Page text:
Bayon_temple_4Bayon_temple_3

Angkor_Cambodia_1

Angkor_Tom_3

Angkor_Tom_4

Angkor_temple_3

angkor_temple_8

angkor_siem_reap_1k

 

Bayon_templeimages available through mail@stinophoto.com

Lumbini, birthplace of gautama the buddha

Even though not felt as utterly urgent, Lumbini has been on my list for many years as I had been on a pilgrimage to the most important sites associated with the life of the Buddha in India, but I never made it to Nepal (apart from a quick passage through Kathmandu on my way to Tibet).

Now that I have been Trekking The Annapurna Trail, Lumbini was conveniently on my way out of Nepal and back into India. It’s situated on the grassy plains of southern Nepal and the climate here is pleasantly warm in november. A few months ago it was unbearably hot here as I heard more than a few people utter sighingly.

It was very weird to approach Lumbini by bus as even two hours before the actual arrival sign posts said we were in Lumbini. I was headed for the Korean temple, the only place where non-nationals can reside. And all my encounters with Koreans had been great so there we went, me and the cycle rickshaw driver in the quiet of dusk flanked by trees and the lovely smell of dewy grass.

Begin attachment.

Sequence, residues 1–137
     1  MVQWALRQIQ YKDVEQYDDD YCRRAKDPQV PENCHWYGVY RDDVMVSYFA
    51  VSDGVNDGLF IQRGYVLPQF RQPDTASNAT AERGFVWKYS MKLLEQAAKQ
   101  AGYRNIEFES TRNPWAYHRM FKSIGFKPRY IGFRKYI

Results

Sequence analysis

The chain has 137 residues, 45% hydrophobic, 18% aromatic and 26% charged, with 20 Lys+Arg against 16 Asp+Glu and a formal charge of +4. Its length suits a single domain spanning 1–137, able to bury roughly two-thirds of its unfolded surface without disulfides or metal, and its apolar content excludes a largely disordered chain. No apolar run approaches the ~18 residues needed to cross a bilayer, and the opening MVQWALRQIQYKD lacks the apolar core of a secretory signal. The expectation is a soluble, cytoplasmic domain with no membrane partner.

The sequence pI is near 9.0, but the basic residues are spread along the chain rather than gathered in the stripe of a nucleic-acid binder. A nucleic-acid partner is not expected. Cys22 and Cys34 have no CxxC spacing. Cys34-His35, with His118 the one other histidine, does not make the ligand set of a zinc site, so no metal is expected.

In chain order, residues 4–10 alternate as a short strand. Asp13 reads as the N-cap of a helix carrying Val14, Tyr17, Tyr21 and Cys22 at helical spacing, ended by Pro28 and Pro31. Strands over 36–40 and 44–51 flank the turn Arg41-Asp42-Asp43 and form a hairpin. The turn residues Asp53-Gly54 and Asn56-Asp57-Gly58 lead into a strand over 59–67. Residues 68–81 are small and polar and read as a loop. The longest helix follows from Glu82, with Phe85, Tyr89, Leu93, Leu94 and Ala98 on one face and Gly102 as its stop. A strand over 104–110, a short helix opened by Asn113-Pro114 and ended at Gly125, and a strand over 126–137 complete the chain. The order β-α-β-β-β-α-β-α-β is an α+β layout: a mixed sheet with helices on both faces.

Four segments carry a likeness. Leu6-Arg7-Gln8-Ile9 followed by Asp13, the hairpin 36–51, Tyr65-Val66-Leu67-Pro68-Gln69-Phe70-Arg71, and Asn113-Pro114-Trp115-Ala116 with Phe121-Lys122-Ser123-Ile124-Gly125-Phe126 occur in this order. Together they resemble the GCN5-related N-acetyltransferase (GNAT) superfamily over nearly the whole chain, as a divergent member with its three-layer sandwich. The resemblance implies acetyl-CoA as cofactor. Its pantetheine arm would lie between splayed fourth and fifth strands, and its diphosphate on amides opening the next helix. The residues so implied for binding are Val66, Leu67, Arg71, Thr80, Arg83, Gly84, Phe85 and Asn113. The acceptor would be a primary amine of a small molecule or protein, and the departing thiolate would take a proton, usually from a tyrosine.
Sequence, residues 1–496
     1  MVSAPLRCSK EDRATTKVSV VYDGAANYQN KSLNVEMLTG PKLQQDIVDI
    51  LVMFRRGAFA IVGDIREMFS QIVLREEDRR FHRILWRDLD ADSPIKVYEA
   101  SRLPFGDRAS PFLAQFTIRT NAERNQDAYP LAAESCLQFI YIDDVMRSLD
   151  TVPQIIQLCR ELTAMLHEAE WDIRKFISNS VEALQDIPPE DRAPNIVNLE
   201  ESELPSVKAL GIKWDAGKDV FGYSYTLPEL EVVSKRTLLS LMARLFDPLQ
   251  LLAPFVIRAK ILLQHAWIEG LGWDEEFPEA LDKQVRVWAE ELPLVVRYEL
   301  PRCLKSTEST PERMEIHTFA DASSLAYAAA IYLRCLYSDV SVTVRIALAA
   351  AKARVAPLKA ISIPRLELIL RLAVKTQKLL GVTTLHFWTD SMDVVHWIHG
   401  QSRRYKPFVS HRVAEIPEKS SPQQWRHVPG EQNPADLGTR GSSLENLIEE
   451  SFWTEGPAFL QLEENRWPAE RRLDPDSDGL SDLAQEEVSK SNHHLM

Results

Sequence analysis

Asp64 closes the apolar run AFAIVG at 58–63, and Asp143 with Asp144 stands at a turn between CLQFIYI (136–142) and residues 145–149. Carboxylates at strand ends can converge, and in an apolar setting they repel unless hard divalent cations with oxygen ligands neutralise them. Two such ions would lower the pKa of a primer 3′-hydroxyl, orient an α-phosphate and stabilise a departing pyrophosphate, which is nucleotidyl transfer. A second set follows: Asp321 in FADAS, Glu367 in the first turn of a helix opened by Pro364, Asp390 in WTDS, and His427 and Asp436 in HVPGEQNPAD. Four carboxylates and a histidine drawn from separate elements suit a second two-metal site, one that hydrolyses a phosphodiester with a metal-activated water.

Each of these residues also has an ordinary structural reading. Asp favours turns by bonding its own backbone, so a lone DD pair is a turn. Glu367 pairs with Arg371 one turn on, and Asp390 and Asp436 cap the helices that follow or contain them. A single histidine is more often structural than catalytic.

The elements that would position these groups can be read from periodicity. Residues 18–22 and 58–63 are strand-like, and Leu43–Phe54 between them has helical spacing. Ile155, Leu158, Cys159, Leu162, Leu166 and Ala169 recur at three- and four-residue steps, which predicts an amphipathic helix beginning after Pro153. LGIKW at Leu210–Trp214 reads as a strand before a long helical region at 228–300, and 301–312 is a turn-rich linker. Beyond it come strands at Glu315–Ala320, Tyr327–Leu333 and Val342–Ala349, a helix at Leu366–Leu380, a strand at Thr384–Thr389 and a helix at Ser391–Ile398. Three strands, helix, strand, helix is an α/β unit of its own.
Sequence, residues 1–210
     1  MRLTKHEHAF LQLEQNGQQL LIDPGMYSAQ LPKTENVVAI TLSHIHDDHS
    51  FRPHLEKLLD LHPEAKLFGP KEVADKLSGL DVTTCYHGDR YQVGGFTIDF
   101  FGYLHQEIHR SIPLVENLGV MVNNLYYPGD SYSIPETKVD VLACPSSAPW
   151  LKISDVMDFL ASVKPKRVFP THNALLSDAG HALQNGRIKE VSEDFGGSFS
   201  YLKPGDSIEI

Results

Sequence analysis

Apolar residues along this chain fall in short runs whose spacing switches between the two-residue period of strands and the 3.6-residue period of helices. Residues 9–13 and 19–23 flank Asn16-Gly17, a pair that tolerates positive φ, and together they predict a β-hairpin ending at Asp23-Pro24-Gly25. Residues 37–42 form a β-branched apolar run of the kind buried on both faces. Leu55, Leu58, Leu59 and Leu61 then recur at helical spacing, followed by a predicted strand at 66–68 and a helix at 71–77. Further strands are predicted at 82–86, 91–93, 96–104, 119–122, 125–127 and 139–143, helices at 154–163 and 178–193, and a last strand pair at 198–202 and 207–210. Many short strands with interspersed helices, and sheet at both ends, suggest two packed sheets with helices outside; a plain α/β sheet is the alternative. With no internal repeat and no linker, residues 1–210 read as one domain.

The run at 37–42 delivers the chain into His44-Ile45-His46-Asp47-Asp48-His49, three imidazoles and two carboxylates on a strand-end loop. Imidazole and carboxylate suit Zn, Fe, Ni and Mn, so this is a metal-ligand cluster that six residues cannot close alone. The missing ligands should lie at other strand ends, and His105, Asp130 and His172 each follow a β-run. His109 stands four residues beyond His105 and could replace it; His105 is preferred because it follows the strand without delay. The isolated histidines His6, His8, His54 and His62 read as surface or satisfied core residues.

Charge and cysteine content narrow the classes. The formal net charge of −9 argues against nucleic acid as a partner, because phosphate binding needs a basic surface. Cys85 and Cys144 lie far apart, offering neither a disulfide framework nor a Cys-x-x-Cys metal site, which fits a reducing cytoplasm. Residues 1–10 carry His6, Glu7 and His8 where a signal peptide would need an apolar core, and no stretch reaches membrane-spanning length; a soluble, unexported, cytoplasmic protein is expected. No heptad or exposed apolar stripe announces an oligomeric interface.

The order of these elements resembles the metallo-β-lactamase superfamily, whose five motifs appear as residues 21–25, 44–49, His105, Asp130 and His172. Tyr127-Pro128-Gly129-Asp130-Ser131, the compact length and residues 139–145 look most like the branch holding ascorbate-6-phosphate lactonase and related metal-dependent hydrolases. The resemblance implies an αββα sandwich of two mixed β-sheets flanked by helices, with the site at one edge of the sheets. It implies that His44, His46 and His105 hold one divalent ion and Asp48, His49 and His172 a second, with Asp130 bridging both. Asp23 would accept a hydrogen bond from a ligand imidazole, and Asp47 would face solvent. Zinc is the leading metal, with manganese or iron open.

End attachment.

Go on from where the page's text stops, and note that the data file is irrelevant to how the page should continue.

Even though many rent bikes to explore the huge area I did it all on my two feet the next day. Also to test my brand new real fake comfy walking sandals. Pretty much every buddhist country has a temple and/or monastery here. Even non-buddhist countries like Austria, France and Germany and it has to be said (and who would expect it – not me) the German temple is simply stunning, adorned with the most exquisite art and wall paintings. in-cre-di-ble…

I did not enter the grounds where the actual spot is of Buddha’s birth as it was always flooded with people. just circling around it gave me much more peace and quiet and it was even better to soak in the specail vibe here coming from the legacy of one of the most revered people that ever walked the earth. Even though Kushinagar (the place where he passed away) really moved me much more I gotta say.

Siddharta (prince) Gautama’s life was very much associated with trees. His mother gave birth under a tree, he found enlightenment under the bodhi tree in Bodhgaya, gave his first sermon under a tree in Sarnath. I enjoy photographing the statues of baby buddha surrounded by the trees here.

Lumbini is also the playground for Nepal’s school youth who naturally are more interested in fooling around with each other than connecting with their heritage. but I was no different their age so I willingly play along as once again they wanna go on the photo with me looking at me as if I were a movie star and verily, I realised in the end how annoying is must be  to really be one! So I count my blessings and appreciate how luckyI am to just simply be me…

 

Lumbini_Nepal_2Lumbini_Nepal

Lumbini_Nepal_4

Lumbini_Nepal_7Lumbini_Nepal_3Lumbini_Nepal_8

Lumbini_Nepal_6

Lumbini_Nepal_9

sidharta_gautama_1

Lumbini_Nepal_12

sidharta_gautama_2

Lumbini_Nepal_20

baby_buddha_3

sidharta_gautama_5Lumbini_Nepal_16

Lumbini_Nepal_15

Lumbini_Nepal_10

Lumbini_Nepal_17

myanmar_temple

buddhist_art_3

baby_buddha_2

baby_buddha

 

Lumbini_Nepal_11

buddhist_art_2

Thai_Temple

Lumbini_Nepal_22

Lumbini_Nepal_21

buddhist_art_4

Lumbini_Nepal_13

 

images are  available through mail@stinophoto.com